Services are still developing to help with all those questions for influencer marketing campaigns, and already there are people who have ready answers to all of those questions. It’s just not widespread yet, and the rapid development of influencer marketing is part of the problem. There just hasn’t been time enough to get the word out about it, and for marketers everywhere to know how it works. If you haven’t looked closely in the last year, the changes have been astounding. There will be tremendous growth in this area as services continue to develop and makes themselves known to marketers.
The summit was a great way to learn directly from influencers and brands how the process of creating an influencer marketing campaign works. One of the key messages from influencers rang out crystal clear: Hands off! Don’t script your campaign for the influencers. Influencers have their audience because it’s been a very personal thing. The influencer has built an audience (which can be in the millions) because of who they are, what they create, and how they choose to do it. If a brand steps in and says “Here’s what I want you to say and how you will say it,” that will immediately ring false to the influencer’s audience. The result is a failed campaign, and possible damage to the influencer as well. Savvy influencers won’t allow that, so brands must work together the the influencers to develop a campaign. That’s a hard lesson for some brands to learn, but learn it they must.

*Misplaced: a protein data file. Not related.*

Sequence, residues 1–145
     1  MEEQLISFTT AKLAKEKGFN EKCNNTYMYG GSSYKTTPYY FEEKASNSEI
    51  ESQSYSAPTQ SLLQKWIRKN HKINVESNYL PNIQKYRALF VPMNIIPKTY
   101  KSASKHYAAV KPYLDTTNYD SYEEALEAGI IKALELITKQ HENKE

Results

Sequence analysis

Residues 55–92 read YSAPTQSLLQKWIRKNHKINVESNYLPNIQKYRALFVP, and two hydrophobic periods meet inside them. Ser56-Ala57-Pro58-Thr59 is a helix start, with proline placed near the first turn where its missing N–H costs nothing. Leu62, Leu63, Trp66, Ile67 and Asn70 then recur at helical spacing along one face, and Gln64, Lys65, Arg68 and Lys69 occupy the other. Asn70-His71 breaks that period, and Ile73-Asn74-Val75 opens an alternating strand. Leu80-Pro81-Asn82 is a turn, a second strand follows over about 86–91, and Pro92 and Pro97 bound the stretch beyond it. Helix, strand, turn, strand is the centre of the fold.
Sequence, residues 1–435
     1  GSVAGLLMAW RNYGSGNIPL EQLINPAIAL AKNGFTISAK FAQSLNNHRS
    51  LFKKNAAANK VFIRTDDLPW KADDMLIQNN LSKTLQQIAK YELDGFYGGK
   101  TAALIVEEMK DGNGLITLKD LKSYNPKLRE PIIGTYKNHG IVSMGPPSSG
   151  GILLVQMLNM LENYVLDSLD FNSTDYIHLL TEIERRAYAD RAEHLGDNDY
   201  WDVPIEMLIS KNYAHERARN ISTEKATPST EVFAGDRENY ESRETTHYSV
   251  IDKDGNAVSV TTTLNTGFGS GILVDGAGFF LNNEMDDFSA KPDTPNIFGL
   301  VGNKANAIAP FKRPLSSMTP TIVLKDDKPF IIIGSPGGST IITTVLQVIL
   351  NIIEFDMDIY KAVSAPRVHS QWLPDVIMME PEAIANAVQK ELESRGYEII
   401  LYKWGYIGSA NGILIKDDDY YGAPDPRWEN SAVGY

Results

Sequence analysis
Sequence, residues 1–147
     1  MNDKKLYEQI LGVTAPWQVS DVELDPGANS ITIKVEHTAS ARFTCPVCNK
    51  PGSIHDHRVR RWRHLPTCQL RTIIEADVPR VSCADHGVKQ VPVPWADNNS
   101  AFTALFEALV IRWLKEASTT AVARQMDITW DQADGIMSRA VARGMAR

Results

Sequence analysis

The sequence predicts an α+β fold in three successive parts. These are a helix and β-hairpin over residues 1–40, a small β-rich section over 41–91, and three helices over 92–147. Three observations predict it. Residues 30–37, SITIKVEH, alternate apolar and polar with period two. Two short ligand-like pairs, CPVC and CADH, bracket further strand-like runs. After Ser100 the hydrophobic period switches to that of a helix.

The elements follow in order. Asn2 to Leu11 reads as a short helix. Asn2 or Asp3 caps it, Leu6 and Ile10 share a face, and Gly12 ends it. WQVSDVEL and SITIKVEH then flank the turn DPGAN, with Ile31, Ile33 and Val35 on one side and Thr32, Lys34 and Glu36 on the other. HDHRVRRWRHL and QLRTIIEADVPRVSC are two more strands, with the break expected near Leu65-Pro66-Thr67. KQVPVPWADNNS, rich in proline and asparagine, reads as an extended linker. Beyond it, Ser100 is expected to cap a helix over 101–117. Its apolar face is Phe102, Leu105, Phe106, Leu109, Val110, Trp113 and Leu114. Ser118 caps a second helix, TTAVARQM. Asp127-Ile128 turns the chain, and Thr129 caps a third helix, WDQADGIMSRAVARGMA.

Another point that was implicit in the presentations is that the audience is gaining control of many brands now, and the influencers are the leading edge of this trend. Sure, brands can and do fight back and try to maintain control in many cases, but the power of social media is giving a voice and a way to connect for audiences that were once isolated from themselves. Now fans of a brand can talk to each other, and share thoughts about a brand, and create their own marketing pieces. Savvy brands are realizing the power of this and trying to ride the wave, while some brands just seems to have the waves breaking over their heads. Influencer marketing is a good way for brands to get involved with the audience and understand how the roles of brands and audiences are changing.
Influencer marketing is becoming a very important tool that brands can use. It’s clear that influencer marketing works best when it’s integrated into an overall marketing strategy. It’s also opportunistic —smart brand marketers are ready to seize opportunities that appear, and working with influencers is often a great way to capitalize on those opportunities.
One other things was very clear — influencer marketing is still growing and changing rapidly. There’s plenty of creativity happening in this space, and there’s plenty of opportunity for innovation. Every brand needs to be aware of influencer marketing and watching how it develops, because this is something every brand could benefit from.